Sea ice forms in many varieties in the polar Oceans. The most common type of sea ice, especially in the Arctic Ocean, is "Congelation ice" a solid form of sea ice where new ice congeals onto the bottom of existing ice.
In Antarctic waters (image) much of the sea ice forms under influence of waves, and pancake ice is formed. The pancakes form due to the waves bouncing the small floes against each other during sea ice formation. With time the pancakes grow thicker and larger, and the waves dampen out. Another form of sea ice is the initial loose crystals termed frazil ice. This is individual crystals suspended in water, and they stay suspended below the surface due to vertical mixing.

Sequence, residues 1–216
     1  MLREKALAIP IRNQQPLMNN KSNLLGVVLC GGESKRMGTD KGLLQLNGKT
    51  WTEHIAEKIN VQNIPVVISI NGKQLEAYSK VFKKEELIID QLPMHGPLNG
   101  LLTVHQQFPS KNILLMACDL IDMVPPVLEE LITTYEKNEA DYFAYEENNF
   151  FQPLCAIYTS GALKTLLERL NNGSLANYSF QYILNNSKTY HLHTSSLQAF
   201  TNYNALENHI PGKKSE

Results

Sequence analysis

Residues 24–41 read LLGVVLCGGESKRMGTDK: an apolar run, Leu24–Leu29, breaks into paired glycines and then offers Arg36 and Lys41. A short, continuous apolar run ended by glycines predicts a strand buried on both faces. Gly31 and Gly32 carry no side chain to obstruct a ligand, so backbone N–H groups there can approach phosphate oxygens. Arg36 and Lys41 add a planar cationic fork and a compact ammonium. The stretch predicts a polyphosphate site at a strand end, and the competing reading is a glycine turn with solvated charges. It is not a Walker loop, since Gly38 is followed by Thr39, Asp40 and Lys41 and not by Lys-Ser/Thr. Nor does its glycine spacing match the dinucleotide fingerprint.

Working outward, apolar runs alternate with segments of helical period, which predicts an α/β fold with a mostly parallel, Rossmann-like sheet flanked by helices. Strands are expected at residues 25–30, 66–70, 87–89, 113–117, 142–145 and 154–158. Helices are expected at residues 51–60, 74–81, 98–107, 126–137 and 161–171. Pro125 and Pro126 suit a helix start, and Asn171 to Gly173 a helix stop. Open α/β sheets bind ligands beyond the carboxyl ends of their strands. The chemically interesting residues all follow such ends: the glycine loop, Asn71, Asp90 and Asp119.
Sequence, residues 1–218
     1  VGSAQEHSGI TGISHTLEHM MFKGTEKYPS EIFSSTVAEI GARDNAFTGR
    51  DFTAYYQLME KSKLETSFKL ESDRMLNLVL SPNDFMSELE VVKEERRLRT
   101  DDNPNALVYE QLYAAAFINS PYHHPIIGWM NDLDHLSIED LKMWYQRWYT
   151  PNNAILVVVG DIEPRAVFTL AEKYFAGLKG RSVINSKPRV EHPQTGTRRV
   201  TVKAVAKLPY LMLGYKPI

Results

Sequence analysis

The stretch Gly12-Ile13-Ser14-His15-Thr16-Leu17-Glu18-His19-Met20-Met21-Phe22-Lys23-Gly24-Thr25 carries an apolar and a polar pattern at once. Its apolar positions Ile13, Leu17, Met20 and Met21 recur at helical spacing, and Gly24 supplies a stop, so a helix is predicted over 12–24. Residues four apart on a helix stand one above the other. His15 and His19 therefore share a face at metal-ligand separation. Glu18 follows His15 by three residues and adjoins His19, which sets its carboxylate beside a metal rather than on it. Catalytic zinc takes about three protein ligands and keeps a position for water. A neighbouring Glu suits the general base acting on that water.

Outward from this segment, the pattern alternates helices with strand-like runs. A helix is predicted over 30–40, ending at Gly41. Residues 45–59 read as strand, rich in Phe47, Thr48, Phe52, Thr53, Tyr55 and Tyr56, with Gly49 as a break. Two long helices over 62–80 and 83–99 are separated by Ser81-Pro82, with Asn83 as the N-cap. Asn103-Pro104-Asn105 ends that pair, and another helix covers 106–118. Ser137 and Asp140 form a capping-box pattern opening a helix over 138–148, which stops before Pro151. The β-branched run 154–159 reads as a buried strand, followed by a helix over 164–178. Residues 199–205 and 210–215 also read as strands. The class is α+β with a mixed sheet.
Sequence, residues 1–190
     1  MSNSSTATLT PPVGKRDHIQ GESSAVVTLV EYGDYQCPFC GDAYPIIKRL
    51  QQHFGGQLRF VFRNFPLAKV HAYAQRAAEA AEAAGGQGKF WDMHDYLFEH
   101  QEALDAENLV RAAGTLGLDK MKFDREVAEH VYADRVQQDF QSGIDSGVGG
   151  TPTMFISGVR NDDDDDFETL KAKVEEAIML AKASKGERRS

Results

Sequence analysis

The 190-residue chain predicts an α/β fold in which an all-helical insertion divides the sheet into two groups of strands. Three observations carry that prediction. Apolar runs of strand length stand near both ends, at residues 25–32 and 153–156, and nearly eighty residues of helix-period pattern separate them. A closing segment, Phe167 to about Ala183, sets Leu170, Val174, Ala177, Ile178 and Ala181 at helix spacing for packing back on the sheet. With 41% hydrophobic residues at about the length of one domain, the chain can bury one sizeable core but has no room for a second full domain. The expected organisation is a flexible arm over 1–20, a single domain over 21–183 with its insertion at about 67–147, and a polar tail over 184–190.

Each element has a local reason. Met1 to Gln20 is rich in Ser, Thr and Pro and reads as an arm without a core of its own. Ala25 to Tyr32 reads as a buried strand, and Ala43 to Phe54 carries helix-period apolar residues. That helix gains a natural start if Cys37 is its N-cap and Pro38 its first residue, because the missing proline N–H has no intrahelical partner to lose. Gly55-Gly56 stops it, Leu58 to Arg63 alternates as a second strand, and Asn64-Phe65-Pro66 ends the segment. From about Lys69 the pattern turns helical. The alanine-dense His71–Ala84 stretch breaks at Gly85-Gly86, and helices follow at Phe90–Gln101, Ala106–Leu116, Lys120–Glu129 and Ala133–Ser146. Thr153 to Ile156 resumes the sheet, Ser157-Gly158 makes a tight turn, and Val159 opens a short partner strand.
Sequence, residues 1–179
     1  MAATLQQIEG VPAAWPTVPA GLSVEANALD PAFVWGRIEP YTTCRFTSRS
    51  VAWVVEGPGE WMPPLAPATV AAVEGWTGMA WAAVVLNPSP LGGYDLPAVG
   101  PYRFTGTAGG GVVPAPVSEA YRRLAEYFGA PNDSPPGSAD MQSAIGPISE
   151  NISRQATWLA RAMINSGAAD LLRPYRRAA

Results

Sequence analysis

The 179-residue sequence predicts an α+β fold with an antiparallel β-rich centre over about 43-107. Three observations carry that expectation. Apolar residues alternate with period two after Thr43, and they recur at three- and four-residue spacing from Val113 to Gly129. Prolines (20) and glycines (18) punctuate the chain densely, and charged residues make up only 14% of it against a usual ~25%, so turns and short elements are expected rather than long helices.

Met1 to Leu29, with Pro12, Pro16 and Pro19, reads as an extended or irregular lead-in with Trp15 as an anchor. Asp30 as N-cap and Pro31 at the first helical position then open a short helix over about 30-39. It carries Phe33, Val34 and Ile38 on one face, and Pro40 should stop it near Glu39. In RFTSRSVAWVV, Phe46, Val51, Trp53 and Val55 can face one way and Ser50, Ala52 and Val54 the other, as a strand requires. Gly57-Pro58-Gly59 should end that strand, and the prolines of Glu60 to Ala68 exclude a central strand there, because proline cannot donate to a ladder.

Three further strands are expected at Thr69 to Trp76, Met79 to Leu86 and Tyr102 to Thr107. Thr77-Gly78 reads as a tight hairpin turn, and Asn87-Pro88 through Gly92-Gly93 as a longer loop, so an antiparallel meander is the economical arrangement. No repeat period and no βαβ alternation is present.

Sea ice is also moving forced by the wind and currents below. Back in the Arctic Ocean especially, but also in Antarctic waters, this sea ice drift can deform and crush one floe up against other floes to form pressure ridges. Also rafted sea ice can form this way, when one floe is pressed ontop of another. In the Arctic area between the North Pole and Canada the sea ice is largely deformed and has become very thick (>5 m) due to such processes.
BIAC - Bipolar Atlantic Thermohaline Circulation
NorClim - Climate of Norway and the Arctic in the 21st Century
ProClim - Polar Ocean Climate Processes